the normalized mantle-to-surface ratio (nM/S). For species whose fractional abundance is equal in the mantle and on the surface, nM/S is unity. If the concentration in mantle is higher this value is higher than unity and vice versa. The nM/S for selected species are graphically shown in Fig. 1.

The cosmic-ray-induced photodissociation yield in lower mantle layers should be rather low, because with yields larger than 10-3 in our simulations we obtain a mixture of compounds with water not the dominant molecule, which is inconsistent with the present knowledge about interstellar grain mantle composition. In this case the remaining oxygen is lost mostly to highly oxidized carbon-bearing species.

Hydrogen in its atomic, molecular, and chemically bound states is a special case because it is the only element capable of crossing the boundary between mantle and surface (Sect. 2.9). The data regarding ``solid'' phases of H are shown in Table 3. As a standard comparison data for this paper (Table 1) we use the results given by Hasegawa & Herbst (1993b), Table 1, t = 1.0E+8 yr. To properly compare the results we also calculated the molecular nM/S ratios for these data. Both works aim to investigate the solid phase chemistry in molecular clouds, and both have a 3-phase system (gas, surface, mantle). There are several important differences between the two models. Our model includes a reduced number of solid state species (see Sect. 2.1). The model of Hasegawa & Herbst lacks cosmic-ray-induced photodissociation of solid state species (Sect. 2.6), mantle-phase reactions (Sect. 2.8) and hydrogen diffusion (Sect. 2.9).

The main difference in the chemical modeling results is that we obtain more oxidized compounds, like ${\rm H_{2}O_{2}}$ in the mantle. They are mainly ${\rm CO_{2}}$, HCOOH and less ${\rm CH_{4}}$ for carbon, ${\rm SO_{2}}$ for sulfur, more HCN, ${\rm N_{2}}$ and less ${\rm NH_{3}}$ for nitrogen. Generally one can say the improvements of our solid phase model diminishes the dominance of hydrogenated species and leads to a much greater chemical diversity with high abundances of fully or partially oxidized species. Another substantial difference in our model is the high concentration of atomic and other radical species, both on the surface and in the mantle. It can be attributed to the inclusion of photodissociation reactions for all solid species. Our model produces a much better overall fit to observations for gas phase species. It is because molecules dominant in the mantle phase are slowly returned into gas and partially reprocessed, and a total freeze-out for any species cannot occur. The main results of our investigation are:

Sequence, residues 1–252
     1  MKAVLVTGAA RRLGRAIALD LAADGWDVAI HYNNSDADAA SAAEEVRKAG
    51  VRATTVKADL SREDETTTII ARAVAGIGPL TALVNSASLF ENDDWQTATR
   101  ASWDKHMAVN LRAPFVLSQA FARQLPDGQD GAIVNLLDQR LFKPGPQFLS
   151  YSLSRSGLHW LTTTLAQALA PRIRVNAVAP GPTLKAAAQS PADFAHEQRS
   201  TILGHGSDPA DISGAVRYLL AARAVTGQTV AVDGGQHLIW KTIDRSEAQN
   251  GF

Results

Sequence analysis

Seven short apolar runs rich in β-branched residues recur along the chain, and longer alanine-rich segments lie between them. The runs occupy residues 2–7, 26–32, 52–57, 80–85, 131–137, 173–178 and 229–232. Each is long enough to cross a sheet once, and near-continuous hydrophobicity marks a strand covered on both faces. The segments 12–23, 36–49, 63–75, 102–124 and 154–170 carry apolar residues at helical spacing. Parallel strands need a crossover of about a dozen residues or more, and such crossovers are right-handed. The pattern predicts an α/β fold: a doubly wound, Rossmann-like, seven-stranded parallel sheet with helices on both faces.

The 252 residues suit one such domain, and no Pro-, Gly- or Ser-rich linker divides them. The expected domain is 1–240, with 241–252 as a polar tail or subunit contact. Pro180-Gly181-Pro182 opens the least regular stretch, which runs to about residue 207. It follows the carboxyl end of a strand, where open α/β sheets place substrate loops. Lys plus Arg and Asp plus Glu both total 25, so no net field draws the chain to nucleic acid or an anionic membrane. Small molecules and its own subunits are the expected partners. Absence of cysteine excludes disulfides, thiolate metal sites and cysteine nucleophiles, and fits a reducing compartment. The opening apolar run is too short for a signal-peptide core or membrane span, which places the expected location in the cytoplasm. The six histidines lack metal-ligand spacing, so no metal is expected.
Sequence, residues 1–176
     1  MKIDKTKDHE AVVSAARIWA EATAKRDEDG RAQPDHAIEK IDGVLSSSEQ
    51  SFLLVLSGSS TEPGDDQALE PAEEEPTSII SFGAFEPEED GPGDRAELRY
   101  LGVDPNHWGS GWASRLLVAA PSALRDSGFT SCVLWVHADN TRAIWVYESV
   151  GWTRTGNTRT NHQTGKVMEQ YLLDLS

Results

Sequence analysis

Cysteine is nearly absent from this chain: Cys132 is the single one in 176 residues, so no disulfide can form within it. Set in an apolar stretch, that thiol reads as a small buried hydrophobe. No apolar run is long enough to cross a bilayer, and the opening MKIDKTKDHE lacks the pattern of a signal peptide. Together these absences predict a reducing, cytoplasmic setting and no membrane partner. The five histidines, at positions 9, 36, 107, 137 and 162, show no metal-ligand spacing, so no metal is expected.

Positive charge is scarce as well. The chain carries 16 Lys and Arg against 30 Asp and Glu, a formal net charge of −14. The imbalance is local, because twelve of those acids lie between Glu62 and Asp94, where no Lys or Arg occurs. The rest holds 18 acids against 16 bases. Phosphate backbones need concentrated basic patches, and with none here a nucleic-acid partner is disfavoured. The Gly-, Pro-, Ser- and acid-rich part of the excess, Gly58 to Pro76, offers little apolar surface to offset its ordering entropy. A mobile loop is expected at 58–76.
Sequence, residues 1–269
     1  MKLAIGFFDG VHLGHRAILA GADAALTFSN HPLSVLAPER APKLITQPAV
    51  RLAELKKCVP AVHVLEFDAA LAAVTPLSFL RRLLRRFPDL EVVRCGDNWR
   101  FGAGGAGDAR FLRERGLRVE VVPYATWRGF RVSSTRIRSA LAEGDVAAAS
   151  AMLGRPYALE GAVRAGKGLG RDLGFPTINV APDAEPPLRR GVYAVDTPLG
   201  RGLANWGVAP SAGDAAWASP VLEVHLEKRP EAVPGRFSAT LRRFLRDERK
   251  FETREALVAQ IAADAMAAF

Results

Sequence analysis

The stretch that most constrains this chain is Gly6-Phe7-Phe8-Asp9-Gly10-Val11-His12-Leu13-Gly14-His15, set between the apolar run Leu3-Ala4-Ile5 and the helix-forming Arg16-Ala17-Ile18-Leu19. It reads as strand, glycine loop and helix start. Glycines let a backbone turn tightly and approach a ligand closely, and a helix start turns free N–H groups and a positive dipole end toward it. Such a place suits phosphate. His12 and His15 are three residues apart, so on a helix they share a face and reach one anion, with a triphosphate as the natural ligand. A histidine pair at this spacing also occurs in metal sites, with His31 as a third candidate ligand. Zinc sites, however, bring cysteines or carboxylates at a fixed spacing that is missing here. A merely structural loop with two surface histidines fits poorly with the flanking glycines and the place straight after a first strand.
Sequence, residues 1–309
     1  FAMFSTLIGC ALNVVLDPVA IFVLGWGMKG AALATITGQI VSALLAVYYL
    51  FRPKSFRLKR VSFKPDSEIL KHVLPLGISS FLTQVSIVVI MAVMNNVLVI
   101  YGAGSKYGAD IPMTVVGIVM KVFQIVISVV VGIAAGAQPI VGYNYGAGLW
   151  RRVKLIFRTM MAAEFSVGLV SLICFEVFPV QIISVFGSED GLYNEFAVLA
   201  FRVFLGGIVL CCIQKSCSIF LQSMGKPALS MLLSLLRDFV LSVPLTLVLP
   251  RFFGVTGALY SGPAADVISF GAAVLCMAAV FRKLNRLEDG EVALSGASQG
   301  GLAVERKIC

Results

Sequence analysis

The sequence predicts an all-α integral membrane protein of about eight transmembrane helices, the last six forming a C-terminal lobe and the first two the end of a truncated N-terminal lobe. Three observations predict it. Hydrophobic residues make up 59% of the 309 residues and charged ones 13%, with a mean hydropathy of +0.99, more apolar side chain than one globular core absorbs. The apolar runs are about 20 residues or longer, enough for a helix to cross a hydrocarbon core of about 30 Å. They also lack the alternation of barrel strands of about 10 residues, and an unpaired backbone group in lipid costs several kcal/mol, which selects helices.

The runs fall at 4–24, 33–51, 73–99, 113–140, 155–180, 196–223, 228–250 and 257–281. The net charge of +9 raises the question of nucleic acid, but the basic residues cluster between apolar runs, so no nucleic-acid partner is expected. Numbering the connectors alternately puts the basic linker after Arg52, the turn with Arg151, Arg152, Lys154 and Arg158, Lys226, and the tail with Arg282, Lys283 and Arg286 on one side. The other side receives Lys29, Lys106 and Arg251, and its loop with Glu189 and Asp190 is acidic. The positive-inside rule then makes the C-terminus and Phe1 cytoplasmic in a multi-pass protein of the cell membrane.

Important molecules on the surface are ${\rm H_{2}O}$, ${\rm H_{2}CO}$, ${\rm CH_{4}}$. Those in the mantle are ${\rm H_{2}O}$, ${\rm CO_{2}}$, HCOOH, ${\rm H_{2}O_{2}}$ (Table 1). The most abundant molecule among both the surface and mantle species is water. However, the molecule containing most of the oxygen in the mantle is ${\rm CO_{2}}$. In our opinion this represents the general shift from highly to poorly hydrogenated species by the photochemical processing of the mantle.
The nM/S ratio for highly hydrogenated species is usually rather low, in the range 0.1-0.01 (Fig. 1). The most important species here are ${\rm CH_{4}}$and other saturated carbon molecules. Methane has a high concentration on the surface, which significantly decreases in the mantle, releasing huge amounts of carbon now available for various oxidized and chain-like compounds.
The highest nM/S is seen for cyanopolyyne related molecules, showing that mantle processing efficiently transforms saturated hydrocarbons to these species. The related HNC is consumed in the mantle, and the HCN/HNC gas abundance ratio of 1.9 is adequate for dark cores. Remarkable are the high nM/S values for oxidized sulfur species (OCS, SO, ${\rm SO_{2}}$), although these molecules have a very limited reaction set. The abundance of S oxides in the mantle exceeds that of ${\rm H_{2}S}$. We expect that hydrogen depletion in the mantle should essentially explain the high abundance of OCS and sulfur oxides in hot core regions noted by many observers (e.g. Mookerjea et al. 2007; Hatchell et al. 1998). We predict that 3-phase models with a more complete reaction network will produce OCS and other sulfur species in an amount more consistent with the observations.
According to calculations, the hydrogen depletion in the mantle has different effects on the abundances of carbon-oxygen compounds. Molecules HCOOH and HCO have large nM/S, for ${\rm C_{3}O}$, ${\rm C_{2}O}$, ${\rm CH_{3}CHO}$ it is mediocre, and for ${\rm CH_{3}OH}$, ${\rm H_{2}CO}$ nM/S is less than unity. With a limited degree of certainty one can conclude that weakly hydrogenated C-O species are those favored by the conditions inside grain mantles, which is confirmed by observations of hot cores (e.g. Mookerjea et al. 2007). Molecules ${\rm CH_{3}OCH_{3}}$, ${\rm C_{2}H_{5}OH}$ and ${\rm H_{2}CCO}$ have a very deficient chemical reaction set and are not considered here.
An increased radical content in the mantle. Species like C, O, CH, S and others (notably excluding nitrogen species) show nM/S ratios moderately higher than 1. The model-based explanation is that only a limited reaction network is available and that not all species produced by the dissociation of CR induced photons are able to readily react and generate stable molecules. However, the real radical content depends on photodissociation yields and on the exact conditions in the mantle (see Sect. 2.13).